The archive of award-winning lighting designer Kevin Adams has been established at the Harry Ransom Center at The University of Texas at Austin, center officials announced today
An alumnus of UT’s College of Fine Arts, Adams has received four Tony Awards for his lighting designs of “Spring Awakening” (2007), “The 39 Steps” (2008), “American Idiot” (2010), and “Hedwig and the Angry Inch” (2014), as well as nominations for “Hair” (2009), “Next to Normal” (2009), “SpongeBob SquarePants: The Musical” (2018), and “The Cher Show” (2019).
“Kevin Adams has been at the forefront of lighting design for decades,” said Eric Colleary, the Ransom Center’s curator of performing arts. “Rather than resisting changes in new lighting technologies like LEDs or fluorescents, he saw their potential to radically change the way a stage could look. He continues to push the field in exciting directions.”
Adams received the E. William Doty Distinguished Alumnus Award from the College of Fine Arts in 2016.
The archive documents hundreds of projects during the past 35 years of Adams’ career through light plots, magic sheets, scripts, production photographs, digital files, programs and personal memorabilia.
Adams’ papers joins other major theater design collections at the Ransom Center, including the papers of Norman Bel Geddes, Gordon Conway, Edward Gordon Craig and Eldon Elder.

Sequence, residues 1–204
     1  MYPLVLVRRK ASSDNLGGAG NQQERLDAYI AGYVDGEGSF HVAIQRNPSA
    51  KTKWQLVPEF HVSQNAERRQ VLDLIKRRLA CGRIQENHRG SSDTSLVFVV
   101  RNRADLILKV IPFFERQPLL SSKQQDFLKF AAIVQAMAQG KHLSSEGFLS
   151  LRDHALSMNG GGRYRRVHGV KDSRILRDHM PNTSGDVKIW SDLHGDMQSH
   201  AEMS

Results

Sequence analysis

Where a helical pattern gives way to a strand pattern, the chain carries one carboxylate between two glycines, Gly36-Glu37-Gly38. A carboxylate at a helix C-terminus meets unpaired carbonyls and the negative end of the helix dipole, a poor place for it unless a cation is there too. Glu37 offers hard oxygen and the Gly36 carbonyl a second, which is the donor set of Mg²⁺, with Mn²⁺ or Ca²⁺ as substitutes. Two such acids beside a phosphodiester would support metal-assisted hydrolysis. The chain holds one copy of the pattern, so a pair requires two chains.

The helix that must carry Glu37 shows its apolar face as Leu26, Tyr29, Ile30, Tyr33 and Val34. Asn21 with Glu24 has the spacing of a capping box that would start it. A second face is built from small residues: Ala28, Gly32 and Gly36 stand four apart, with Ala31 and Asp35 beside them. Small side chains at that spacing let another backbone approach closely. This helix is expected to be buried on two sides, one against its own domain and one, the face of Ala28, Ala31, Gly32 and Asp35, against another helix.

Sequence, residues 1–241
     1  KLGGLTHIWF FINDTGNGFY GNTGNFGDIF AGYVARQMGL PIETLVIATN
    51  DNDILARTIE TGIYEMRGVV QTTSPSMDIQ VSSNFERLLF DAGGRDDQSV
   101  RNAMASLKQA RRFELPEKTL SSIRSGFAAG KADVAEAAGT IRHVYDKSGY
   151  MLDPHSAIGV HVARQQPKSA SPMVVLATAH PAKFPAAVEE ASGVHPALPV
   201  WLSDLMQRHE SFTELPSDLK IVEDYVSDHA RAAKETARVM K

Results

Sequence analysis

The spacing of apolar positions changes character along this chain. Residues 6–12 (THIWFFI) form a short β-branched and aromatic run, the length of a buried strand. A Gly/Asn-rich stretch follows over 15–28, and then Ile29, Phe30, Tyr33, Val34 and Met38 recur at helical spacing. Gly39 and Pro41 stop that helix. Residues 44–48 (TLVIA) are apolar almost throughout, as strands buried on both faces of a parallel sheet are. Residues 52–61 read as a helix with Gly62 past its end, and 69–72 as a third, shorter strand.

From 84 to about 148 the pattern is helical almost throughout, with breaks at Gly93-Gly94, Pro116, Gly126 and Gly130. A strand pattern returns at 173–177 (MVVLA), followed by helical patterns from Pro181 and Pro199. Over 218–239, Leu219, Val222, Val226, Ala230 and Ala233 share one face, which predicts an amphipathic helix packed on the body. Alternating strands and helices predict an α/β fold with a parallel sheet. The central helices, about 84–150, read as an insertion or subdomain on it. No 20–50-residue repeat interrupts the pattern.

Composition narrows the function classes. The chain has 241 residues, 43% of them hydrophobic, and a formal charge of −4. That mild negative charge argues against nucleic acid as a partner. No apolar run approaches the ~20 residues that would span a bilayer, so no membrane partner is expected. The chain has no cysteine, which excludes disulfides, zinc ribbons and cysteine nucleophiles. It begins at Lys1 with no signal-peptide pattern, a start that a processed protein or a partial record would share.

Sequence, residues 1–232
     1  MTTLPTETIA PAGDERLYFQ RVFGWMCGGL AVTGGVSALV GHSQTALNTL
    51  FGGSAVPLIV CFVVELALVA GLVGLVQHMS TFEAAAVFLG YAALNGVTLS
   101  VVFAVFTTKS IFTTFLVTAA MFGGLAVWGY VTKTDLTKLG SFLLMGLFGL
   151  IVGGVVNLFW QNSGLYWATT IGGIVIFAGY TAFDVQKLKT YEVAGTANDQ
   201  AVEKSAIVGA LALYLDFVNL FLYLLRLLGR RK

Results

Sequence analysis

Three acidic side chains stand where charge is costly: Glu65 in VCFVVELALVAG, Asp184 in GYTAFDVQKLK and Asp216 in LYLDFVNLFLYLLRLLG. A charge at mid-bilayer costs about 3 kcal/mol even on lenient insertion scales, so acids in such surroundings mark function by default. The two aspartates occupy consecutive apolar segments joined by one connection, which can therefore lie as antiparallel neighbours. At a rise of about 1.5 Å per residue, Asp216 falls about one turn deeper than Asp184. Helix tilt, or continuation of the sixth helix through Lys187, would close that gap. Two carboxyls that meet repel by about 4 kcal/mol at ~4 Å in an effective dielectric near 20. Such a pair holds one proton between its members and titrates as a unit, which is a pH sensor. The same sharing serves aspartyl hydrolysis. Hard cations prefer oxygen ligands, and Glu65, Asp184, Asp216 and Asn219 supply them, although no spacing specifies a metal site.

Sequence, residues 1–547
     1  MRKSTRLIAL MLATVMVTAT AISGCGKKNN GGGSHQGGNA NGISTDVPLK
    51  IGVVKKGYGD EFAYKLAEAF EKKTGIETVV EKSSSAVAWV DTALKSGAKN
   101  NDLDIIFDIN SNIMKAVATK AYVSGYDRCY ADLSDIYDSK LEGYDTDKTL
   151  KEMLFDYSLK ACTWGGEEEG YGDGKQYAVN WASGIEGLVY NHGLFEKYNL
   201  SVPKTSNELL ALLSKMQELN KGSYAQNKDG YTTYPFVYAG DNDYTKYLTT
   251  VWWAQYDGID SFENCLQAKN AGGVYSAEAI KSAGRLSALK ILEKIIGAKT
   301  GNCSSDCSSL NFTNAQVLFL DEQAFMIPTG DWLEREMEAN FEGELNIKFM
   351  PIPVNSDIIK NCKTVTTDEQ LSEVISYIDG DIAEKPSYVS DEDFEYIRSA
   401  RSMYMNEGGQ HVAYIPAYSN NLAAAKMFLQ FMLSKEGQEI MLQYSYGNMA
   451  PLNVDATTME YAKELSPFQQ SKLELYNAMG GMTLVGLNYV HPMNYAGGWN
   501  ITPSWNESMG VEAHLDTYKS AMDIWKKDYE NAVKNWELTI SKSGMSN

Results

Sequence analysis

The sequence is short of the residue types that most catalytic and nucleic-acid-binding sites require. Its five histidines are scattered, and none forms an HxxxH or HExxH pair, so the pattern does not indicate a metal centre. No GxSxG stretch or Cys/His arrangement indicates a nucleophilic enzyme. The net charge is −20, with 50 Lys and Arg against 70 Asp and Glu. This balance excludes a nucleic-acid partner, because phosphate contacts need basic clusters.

“I hope that it shows a good example of what one part of American theater looked like from the period within which I designed, representing both Broadway and off-Broadway work,” said Adams about his archive. “I think it shows the path and development of a unique body of work as well as developments in theatrical and home lighting technologies.”
The Kevin Adams Papers is open for research at website.
The Ransom Center’s performing arts collections document a wide variety of performance genres, particularly from the United Kingdom and America. The Center holds one of the largest collections of American, British and Irish playwright archives including the papers of David Hare, Lillian Hellman, Adrienne Kennedy, Terrence McNally, Arthur Miller, John Osborne, J.B. Priestley, Elmer Rice, Tom Stoppard and Tennessee Williams, along with significant collections of writers such as Samuel Beckett, George Bernard Shaw, Sam Shepard and Oscar Wilde.